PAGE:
The Ganat/Nefissa/Narguiss trinity is a patient at The Yellow Palace — and insane asylum — where she receives shock treatments frequently in order to erase her memory.  Her memory, it seems, is the source of her position as a public threat: “she remembers everything that has happened for five thousand years.”  The memory is the weapon — she cannot forget how she has been treated by others such as her grandfather, her lover, or her mother.  In each series of memories –which become confused or disjointed, or merged with beautiful dream-like imagery — she maintains authenticiy of herself (which is a strange thing because G/N/N is already so severed and mutilated).

To complicate matters that are already murky, El Saadawi suggests that G/N/N is not only the embodiment of a female holy trinity but is also the incarnate of the devil.  At first, I wondered if she were polarizing the two — good and evil.  But, she really wants to show how good and evil are one and that these are best articulated through a close examination of the position of women in Arabic society.

G/N/N is the holy trinity yet she is also Eblis, the devil, who, like her is an inmate of the The Yellow Palace.  They watch each other from afar (Ganat) or make love (Nefissa) or they fear each other (Narguiss).  “The devil is mad” but so is God…because there can be no other way in a world as limiting and as prejudiced and as white as hers.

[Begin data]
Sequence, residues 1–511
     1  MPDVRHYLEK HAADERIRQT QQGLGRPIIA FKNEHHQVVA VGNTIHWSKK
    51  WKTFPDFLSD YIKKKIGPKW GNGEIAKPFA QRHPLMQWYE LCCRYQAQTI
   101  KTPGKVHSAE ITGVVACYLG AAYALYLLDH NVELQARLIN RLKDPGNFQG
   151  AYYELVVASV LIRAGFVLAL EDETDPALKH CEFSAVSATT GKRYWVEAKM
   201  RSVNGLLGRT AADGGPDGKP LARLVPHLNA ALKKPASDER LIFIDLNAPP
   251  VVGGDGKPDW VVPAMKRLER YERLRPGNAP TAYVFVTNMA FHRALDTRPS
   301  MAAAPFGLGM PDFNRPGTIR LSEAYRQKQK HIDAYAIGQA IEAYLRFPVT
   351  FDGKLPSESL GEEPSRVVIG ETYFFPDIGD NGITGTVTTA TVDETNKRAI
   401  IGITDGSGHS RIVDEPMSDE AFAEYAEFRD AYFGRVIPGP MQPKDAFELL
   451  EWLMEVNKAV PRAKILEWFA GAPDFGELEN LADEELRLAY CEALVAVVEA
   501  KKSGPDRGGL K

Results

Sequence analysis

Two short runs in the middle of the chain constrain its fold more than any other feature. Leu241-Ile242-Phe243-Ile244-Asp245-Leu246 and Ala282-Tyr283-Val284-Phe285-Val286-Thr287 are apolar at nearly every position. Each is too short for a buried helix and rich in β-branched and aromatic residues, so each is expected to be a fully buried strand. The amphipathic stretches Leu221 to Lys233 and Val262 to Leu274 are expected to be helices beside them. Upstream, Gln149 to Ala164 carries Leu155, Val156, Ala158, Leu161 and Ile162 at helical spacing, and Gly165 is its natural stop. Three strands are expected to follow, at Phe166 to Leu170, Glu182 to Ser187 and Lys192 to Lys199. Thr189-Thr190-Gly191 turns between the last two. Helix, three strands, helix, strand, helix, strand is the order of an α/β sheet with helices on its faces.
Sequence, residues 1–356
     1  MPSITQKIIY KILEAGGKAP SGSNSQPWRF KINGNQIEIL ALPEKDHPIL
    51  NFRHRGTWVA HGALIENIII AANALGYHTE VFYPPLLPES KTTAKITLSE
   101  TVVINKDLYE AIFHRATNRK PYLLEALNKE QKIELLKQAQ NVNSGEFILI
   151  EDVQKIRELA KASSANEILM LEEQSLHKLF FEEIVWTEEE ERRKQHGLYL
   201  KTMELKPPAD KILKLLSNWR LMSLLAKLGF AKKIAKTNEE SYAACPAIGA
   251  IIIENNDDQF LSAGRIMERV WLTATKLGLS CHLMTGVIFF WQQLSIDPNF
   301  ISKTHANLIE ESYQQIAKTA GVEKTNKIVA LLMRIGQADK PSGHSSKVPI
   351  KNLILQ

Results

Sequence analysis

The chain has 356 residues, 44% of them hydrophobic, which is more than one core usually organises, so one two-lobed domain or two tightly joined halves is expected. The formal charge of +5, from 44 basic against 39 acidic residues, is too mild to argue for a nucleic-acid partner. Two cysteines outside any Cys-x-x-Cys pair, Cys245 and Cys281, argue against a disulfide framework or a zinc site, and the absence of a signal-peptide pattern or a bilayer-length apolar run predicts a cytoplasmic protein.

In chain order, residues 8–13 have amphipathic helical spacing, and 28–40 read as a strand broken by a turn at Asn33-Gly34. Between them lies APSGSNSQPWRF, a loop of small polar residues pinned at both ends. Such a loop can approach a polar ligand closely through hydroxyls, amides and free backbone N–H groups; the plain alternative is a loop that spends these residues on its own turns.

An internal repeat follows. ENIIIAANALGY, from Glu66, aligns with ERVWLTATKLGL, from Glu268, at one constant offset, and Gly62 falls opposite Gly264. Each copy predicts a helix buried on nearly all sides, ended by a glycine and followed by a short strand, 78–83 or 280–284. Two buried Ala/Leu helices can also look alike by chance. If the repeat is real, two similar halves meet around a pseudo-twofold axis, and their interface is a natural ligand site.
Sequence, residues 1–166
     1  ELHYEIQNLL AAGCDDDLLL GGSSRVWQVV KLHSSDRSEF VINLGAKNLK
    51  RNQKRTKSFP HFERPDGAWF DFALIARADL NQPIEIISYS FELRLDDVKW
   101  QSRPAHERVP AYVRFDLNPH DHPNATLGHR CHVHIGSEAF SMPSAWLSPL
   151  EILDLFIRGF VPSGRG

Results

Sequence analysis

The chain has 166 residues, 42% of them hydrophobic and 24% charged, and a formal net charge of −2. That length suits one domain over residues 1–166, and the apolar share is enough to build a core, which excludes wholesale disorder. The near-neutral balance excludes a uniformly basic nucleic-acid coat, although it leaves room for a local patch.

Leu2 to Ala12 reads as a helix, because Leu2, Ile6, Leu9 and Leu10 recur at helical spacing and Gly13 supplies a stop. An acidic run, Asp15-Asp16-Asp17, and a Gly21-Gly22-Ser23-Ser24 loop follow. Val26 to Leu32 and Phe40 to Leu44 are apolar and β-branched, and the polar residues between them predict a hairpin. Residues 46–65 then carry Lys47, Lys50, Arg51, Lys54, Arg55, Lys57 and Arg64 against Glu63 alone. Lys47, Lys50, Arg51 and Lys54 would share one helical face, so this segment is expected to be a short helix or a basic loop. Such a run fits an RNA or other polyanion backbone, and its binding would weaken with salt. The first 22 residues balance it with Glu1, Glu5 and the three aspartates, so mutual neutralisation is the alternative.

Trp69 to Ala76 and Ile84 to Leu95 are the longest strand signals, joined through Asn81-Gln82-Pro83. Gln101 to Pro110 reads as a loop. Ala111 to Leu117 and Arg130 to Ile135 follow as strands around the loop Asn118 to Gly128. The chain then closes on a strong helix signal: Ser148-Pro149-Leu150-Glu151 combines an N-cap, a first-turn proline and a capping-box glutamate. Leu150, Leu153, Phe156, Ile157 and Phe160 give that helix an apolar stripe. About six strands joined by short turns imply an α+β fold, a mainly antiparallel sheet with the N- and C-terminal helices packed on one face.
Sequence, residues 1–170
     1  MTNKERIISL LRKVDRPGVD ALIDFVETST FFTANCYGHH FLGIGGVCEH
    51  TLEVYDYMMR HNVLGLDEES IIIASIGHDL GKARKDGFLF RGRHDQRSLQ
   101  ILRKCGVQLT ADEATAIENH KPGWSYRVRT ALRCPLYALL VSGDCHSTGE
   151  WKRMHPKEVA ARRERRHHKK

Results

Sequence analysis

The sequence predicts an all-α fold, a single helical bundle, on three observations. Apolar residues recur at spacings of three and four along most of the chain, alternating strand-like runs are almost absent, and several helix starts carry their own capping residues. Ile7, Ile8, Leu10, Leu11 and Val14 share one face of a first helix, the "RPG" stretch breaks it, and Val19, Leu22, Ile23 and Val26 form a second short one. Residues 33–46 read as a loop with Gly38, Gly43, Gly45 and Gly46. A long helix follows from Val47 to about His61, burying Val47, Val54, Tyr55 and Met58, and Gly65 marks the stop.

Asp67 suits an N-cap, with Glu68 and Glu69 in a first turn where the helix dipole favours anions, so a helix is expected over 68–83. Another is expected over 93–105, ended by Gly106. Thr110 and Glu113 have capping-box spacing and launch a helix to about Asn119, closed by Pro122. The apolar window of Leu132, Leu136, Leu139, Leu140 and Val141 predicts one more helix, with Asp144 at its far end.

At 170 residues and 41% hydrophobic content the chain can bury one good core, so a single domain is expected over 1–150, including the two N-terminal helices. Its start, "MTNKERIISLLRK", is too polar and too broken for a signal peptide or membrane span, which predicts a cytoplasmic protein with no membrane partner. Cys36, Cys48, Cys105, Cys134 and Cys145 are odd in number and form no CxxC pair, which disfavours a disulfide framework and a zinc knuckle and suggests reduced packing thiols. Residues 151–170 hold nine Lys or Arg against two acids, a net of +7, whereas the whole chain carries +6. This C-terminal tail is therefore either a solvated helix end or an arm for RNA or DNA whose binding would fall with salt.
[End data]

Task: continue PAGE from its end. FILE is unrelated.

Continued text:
One woman’s body (“a body which was unreal”) is the house of this power and at the same time, she is incredibly earthly.  Like her mother before her, she searches — endlessly — for a lost son, Zakaria, whose name is consistently conflated with the name of a pagan goddess, Zahra.  This one woman’s body is not her own; “it belonged to her father, or to the government, or to her dead grandfather, or to another man, whose features were strange to her, and whose name she had forgotten.”

There are two affective functions in the novel: guilt and pride.  These are juxtaposed with innocence, the outcome of El Saadawi’s interrogation.  The novel concludes with the death of G/N/N who, in her death (afterdeath) is told by God that “I wrote three books against you, and denied you the right to answer them […] In the court they made declared me innocent and made you the scapegoat […] Forgive me, my son.  You are innocent.”